You don’t need a dedicated Smoker to create great BBQ. All you need is your charcoal grill. Here, I will set up a 22″ Weber Grill for Smoking
I. What you will need:
Bricks (optional, but makes the operation easier)
3 Sheets of Newspaper
II. How to set up your Grill
This is my grill. It is a 22″ Weber One-Touch Charcoal Grill.
When you use your grill as a smoker, you want to achieve temperatures that are much lower than when you are grilling. Typically, you will use recipes that require the temperature to be around 225 and up to 300 degrees. To do this, you need to control the airflow into and out of your grill. I have done a lot of research and have found that it is easier to achieve this by more drastically adjusting the bottom vent of the grill. On the Weber One-Touch Grill, the bottom vent is also the mechanism that moves the ash into the collection bin below the grill. When you are grilling, unlike when you are smoking, you want the vents to be wide open. Below, for smoking, I have set up the vents to be about half open.
I am using this setup to achieve a temperature of around 275 to 300. The advantage of smoking at this temperature range is that not only will your cook be done faster, but also more fat will render from your meats. Aaron Franklin, the James Beard-winning chef-owner of Franklin Barbecue in Austin, Texas, which was picked by Bon Appetit Magazine as one of the 20 most important restaurants in America in 2013, smokes all his meats (e.g., brisket, ribs, pulled pork, etc.) at 275. Myron Mixon, the winningest man in barbecue, famously cooks his competition pork butts and briskets at 300 degrees.
Next, I use bricks to separate the area where coals will go from the area where the food will go. This isn’t absolutely necessary, but the bricks help keep the direct heat away from the meat.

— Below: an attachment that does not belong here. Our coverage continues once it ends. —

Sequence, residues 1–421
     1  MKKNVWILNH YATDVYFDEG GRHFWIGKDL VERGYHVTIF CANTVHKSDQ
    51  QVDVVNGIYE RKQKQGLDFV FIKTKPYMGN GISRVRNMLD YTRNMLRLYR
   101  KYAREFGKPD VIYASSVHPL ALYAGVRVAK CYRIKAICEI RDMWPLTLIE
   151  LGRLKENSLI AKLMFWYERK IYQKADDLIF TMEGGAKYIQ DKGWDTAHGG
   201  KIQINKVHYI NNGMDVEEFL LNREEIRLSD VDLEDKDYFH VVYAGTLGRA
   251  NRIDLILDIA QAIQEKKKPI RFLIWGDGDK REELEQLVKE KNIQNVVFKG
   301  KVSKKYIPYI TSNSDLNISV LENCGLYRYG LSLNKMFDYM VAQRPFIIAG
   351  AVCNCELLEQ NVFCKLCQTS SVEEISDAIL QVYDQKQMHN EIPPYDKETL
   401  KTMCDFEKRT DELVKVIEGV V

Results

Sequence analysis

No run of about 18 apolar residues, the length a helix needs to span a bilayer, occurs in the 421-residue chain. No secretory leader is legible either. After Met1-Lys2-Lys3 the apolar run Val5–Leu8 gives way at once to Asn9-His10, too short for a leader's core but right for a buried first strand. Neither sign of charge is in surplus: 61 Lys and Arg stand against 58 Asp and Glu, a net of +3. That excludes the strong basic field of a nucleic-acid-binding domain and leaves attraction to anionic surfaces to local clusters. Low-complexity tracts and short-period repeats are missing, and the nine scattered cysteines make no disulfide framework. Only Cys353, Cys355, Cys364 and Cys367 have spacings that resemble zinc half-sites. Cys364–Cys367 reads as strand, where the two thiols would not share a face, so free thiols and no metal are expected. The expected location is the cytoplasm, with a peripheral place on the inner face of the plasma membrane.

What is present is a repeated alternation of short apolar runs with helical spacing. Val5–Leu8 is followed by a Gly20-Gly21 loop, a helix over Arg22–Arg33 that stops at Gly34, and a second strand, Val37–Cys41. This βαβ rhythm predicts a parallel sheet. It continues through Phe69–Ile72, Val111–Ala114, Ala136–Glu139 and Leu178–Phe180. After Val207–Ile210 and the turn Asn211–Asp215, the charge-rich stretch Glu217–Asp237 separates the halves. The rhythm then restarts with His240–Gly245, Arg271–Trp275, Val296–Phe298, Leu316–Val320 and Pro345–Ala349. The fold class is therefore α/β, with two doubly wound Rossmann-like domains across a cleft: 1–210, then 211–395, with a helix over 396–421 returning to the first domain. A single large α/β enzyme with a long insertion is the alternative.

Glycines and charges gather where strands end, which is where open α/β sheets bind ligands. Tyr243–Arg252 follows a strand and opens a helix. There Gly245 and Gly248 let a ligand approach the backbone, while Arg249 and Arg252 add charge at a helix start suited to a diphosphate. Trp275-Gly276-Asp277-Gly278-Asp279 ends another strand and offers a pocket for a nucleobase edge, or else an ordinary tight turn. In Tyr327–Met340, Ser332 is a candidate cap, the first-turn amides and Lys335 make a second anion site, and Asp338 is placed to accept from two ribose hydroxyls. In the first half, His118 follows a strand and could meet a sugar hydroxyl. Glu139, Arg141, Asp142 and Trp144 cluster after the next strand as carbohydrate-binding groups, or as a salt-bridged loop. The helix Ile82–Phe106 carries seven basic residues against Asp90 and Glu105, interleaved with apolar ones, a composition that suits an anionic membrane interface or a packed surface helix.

Then, I add a pan. I will add hot water to the pan during cooking. This serves two purposes: First, the water will steam, keeping whatever you are smoking a little moister than it would otherwise be. Second, the pan will catch any drippings, thus keeping them off your grill.
The grill grate that came with my grill has hinges that allow the replenishment of coals during a cook. Line up the grate with the area where the coals will go.
Next, soak some wood chips in water. Soak them for at least 30 minutes. Then, wrap them in foil and poke 8-12 holes in the top of the foil. (In future cooks, I will use chunks of wood added directly to the coals, but wood chips are easier to find in stores).
Next, light the coal. I use a Weber Rapidfire Chimney Starter. (If you don’t use a chimney starter, this is the time to invest your lighter-fluid money in one). I fill it 2/3 full, which is about 65 briquettes.
I use 3 sheets of newspaper to get the coals lit.
After about 20 minutes, the coals are ready. The top coals should look like they are lightly covered in ash.
Add the coals to the grill.
Add the pan to the other side of the grill. Put the foil with the wood chips in it on the coals. It will take 5-15 minutes for the chips to start smoking.
Now you are ready to add your meat (or whatever you are smoking) and cover the grill with the lid. The vent on the lid should be over the meat. This will allow the smoke to go over your food and out the vent. I usually start with the lid vent half-open and check the temperature before adjusting to reach the desired temperature. Once you add the lid, wait 10 minutes before checking the temperature. Allow the grill to get up to temperature.
A lot of factors go into the temperature you will achieve, but outside temperature and, especially, wind, are the major factors. The day I made this set up, it was about 60 degrees. It was raining and windy. To keep the grill dry, I put it close to the opening of my garage, but there was still some wind. (I opened a door in the back of the garage, and the resulting breeze exhausted the smoke out of the garage and not into it.)
Here was the grill temp after 20 minutes (Don’t remove the lid: Remember: If you’re lookin’, you ain’t cookin’):
Here is the grill temp after 45 minutes (Again, don’t remove the lid):
Here is the grill temp after 1 hour:
After 1 hour, I noticed that the temperature starting to go down. I removed the foil packet of wood chips, which was spent, and added additional coals. This is where the hinged grate is very convenient. I added about 20 briquettes.
You will repeat this process–checking your temperature every 20 minutes or so and adding coals when the temperature starts to drop. Again, the outside temperature and wind conditions will dictate how often you need to replenish the coals.